A few years Years ago, I was using a personal bank account with a bank here in the UK. And they had added a new voice authentication system. And they wanted me to call them up on the phone and say, my voice is my password. And they would record this and they would record my unique voiceprint. And I didn’t trust it, I said, There’s no way I’m going to do this, I’ll type in my complicated password. If I have to. Well, we have an article in motherboard, how I broke into a bank account with an AI generated voice. And someone used that same tool that we used a couple of weeks ago to generate Josh’s voice. And they had to use a couple of tries, but they were able to break into a bank account, and get access to balances, transactions, transfers, etc. This is a bit worrisome because these AI voice tools are all of a sudden, extremely powerful and extremely accessible. You don’t have to go out of your way to find one. I don’t, I would never use a voice password for anything. Because not only does it not seem reliable to me, but you’re talking over a mobile phone, the sound is not going to be good, the microphones not going to be good, the connection might not be good. It just doesn’t seem safe.

Josh Long 16:11
Right. And it’s funny because they actually do say in this vise article, that that was the key word for this particular bank, my voice is my password. So apparently, this is a thing that a lot of banks are doing. And it is something that you should be aware of my voice should not be my password, especially in today’s day and age where it is so easy for people to imitate your voice using artificial intelligence, you know, voice generation software,

Kirk McElhearn 16:40
One of the banks says on its website, your voice print, like your fingerprint is unique to you. And no one else has a voice just like you. I wonder if AI is going to be able to duplicate fingerprints, I guess that’s a little bit extreme. It would have to have a fingerprint model to be able to do that. So that won’t happen. But the whole voice thing, it just seems too easy.

Josh Long 17:02
Yeah, absolutely. This well. So a voiceprint is completely different from something like a fingerprint, a fingerprint. You can’t really spoof that, right, it’s got to be exact, and a voiceprint. Well, you can come pretty close to imitating somebody’s voices, as we heard recently, right? It didn’t sound exactly like me. But it’s close enough that I absolutely think that it could fool you know, a bank. My voice is my password prompt.

Kirk McElhearn 17:30
Especially if you consider that people like us who are podcasters, there are huge recordings of our voices of hundreds of hours that people can choose. So it’s not hard to find the voice. Now maybe someone who’s never done any public recordings, it might be more difficult to get a voiceprint from them, you need something clean, not just something from a phone call I think.

Josh Long 17:50
Actually, I’m kind of curious about that one. Because if you think about it, anybody who’s ever had to sit on hold on a phone call, knows that audio quality over a phone call is really bad. And you know, listening to hold music, it doesn’t sound very good. It sounds really terrible, in fact, so the voice quality over a phone call is not great. But if somebody has, you know, recorded your voice through a phone call, I don’t know whether it degrades enough that if you were to then use AI based on a phone recording of somebody and then play that back through the phone to the bank, I don’t know whether that would be good enough to bypass the the bank’s password requirement. I’m not sure. But I would not be surprised if it is possible.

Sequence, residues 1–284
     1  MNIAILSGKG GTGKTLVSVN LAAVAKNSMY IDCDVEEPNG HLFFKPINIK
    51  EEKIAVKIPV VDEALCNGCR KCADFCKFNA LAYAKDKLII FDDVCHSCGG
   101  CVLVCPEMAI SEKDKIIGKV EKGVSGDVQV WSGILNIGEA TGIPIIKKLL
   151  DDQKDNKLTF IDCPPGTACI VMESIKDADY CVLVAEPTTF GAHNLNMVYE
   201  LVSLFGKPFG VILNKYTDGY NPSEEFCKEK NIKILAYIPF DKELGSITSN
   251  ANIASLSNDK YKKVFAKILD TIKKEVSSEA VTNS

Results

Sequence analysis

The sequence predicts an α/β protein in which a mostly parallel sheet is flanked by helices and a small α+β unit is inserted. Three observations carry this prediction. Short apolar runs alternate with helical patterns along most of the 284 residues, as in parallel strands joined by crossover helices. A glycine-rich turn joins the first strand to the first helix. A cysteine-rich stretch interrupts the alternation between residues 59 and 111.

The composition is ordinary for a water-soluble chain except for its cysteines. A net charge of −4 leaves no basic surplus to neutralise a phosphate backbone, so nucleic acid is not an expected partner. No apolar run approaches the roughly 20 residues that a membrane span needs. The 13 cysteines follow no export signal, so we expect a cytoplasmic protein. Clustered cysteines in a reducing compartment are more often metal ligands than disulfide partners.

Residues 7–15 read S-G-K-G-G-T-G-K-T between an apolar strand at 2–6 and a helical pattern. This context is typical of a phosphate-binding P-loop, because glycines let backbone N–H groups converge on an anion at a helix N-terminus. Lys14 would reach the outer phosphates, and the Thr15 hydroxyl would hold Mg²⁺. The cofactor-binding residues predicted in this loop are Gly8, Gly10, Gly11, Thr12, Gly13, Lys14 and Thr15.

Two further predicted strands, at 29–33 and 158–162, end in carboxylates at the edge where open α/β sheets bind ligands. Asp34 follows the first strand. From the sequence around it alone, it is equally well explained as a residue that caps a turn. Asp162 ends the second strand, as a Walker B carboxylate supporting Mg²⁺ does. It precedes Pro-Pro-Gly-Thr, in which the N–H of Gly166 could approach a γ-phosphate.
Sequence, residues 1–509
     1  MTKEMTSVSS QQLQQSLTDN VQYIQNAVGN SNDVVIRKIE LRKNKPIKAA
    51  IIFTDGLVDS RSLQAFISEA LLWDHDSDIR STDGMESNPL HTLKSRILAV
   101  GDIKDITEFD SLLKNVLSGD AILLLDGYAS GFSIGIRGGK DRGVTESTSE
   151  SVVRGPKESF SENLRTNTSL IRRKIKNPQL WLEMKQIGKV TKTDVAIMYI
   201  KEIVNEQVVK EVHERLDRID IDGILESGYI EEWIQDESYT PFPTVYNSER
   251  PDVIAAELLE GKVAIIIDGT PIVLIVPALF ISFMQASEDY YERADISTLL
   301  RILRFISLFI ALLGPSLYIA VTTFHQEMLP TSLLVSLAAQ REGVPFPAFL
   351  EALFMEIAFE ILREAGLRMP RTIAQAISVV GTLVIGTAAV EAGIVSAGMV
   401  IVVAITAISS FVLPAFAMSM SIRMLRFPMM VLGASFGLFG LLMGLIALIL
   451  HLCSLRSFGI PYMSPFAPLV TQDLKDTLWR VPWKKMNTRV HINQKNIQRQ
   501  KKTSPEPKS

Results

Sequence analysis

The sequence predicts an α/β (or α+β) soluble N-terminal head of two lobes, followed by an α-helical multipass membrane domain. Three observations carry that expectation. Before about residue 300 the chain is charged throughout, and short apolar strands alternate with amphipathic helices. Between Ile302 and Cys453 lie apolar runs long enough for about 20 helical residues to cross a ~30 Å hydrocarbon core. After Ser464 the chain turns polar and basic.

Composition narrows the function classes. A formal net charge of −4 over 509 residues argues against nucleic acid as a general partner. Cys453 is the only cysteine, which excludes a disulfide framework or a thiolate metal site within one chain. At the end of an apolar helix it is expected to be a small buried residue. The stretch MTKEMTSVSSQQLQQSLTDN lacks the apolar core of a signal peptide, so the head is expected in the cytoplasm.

Kirk McElhearn 18:40
To me, it sounds like making a photocopy of a photocopy. But but there are AI tools that can clean up voice recordings. And I use this for one of my podcasts where one of my co-hosts does not have a good microphone does not know how to use a microphone. So I use this Adobe tool, I upload a file and it gets rid of the room noise and the echo. It’s really quite amazing. We’re not suggesting that anyone try this. But just don’t let your voice be your password, especially now, I’d be even worried about some banks are using a photo type system. Right? I remember when I applied for a bank account a couple years ago, they had me sit in front of the camera on my computer and turn my head in different directions to take a photo of me now this is just a photo. It’s not like Apple’s face ID which has infrared scanners to check depth right? It was just using photos. I wouldn’t want to use that because that could probably be spoofed as well.

Josh Long 19:34
If a bank is going to use technologies like this, there needs to be multiple layers. And I don’t mean just my voice is my Password Plus check that the phone number that I’m calling from matches my phone number that the bank has on file because as we mentioned before phone numbers can also be spoofed. So if somebody is able to spoof your phone number and also use AI generated voice it sounds like very you know Tom Cruise spy technique algae. But this is readily available easily available to anybody who’s willing to, you know, to pay for a service like that or run their own kind of service that does something similar to this. It’s not difficult or expensive to pull off and attack like that. In today’s day and age. Unfortunately,

Kirk McElhearn 20:18